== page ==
Pardus plans to nominate board members with or without Bally
Pardus Capital Management LP sent Bally Total Fitness Holdings Corp. (NYSE: BFT) a letter Oct. 17 stating that it plans to nominate members to the health club operator's board of directors. Pardus holds a 14.4 percent stake in the company.
Bally's management has interviewed candidates previously proposed by Pardus, which according to the letter to Bally's management is seeking to enhance shareholder value and restore public confidence. "However, as of the date of this letter, no further progress has been made with respect to the proposed candidates," Pardus said in the letter, which was also filed with the U.S. Securities and Exchange Commission.
Pardus, which holds 5 million common shares in its capacity as the investment manager of Pardus European Special Opportunities Master Fund, said it intends to formally nominate candidates at the company's annual shareholder meeting scheduled for Jan. 26, 2006, with or without Bally.
Pardus also expressed concern over a two-month delay to commence a previously announced consent solicitation in respect to Bally's debt securities may signal management's pursuit of alternative transactions. Those transactions are "designed to entrench management" and are not in the shareholders' best interests, Pardus said. It added that Bally should not undertake any asset sales, a sale of the business, equity financings or debt financings until the Bally's restated financial statements are publicly available and a stockholders meeting for the election of directors has been held.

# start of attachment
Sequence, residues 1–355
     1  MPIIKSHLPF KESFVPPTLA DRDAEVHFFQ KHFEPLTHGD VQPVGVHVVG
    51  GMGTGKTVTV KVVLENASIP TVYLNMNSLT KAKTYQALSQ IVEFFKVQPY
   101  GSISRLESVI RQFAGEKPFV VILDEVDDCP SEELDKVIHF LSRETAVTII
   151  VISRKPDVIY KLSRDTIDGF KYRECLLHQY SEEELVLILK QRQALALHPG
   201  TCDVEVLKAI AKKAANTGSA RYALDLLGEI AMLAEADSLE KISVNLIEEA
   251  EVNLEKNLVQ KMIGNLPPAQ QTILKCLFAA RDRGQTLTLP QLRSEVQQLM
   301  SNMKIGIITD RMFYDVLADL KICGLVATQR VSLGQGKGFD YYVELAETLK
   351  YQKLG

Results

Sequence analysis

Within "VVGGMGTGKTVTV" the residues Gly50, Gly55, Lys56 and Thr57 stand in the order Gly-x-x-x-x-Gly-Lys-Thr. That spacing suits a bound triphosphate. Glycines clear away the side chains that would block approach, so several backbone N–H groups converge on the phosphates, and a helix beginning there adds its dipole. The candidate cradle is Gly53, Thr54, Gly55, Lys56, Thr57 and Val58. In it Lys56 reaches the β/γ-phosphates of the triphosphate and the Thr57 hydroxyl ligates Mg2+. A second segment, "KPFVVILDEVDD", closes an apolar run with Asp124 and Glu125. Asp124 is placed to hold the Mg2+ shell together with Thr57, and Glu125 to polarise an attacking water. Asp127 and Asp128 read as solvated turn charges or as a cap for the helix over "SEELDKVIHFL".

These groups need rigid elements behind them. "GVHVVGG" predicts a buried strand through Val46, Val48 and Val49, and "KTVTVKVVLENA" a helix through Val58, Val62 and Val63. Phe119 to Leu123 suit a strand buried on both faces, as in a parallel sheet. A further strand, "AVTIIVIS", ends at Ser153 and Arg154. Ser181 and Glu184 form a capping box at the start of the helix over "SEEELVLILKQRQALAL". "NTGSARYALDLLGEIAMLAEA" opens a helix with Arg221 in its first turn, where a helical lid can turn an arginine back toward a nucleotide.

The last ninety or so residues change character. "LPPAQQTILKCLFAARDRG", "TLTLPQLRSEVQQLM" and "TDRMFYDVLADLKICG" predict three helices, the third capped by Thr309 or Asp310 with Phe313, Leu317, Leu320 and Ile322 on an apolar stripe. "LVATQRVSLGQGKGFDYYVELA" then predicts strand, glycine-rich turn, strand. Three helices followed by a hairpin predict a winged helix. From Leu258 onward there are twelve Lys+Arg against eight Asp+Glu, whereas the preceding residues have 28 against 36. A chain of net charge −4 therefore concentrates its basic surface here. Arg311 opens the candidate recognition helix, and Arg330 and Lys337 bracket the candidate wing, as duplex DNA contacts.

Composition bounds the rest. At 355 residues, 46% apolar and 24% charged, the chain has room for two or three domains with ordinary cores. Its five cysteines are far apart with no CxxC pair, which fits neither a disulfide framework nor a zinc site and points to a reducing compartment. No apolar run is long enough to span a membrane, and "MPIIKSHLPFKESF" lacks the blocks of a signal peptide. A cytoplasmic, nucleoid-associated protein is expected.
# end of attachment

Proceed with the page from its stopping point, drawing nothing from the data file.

U.S. health clubs revenue up 5.3 percent for Q2
After reviewing stats from a recently conducted survey of 12 mid-size U.S. health and sports club companies, the IHRSA club association said that commercial health club financial performance improved for the quarter ending June 30, 2005, relative to the same period last year.
In the second quarter, the IHRSA Index found that the companies -- representing 139 facilities -- grew their total revenue an average of 5.3 percent to $13.3 million for the second quarter. The participating companies also reported improved same-store revenue for clubs that have been in operation for at least two years, by an average of 5.3 percent to $11.5 million.
The study also showed that the average earnings before interest, taxes, depreciation, amortization and rent (EBITDAR) improved by 16 percent to $3.4 million. As a percentage of total revenue, EBITDAR, was 25.9 percent of revenue for the second quarter of 2005 and 23.5 percent of revenue in 2004.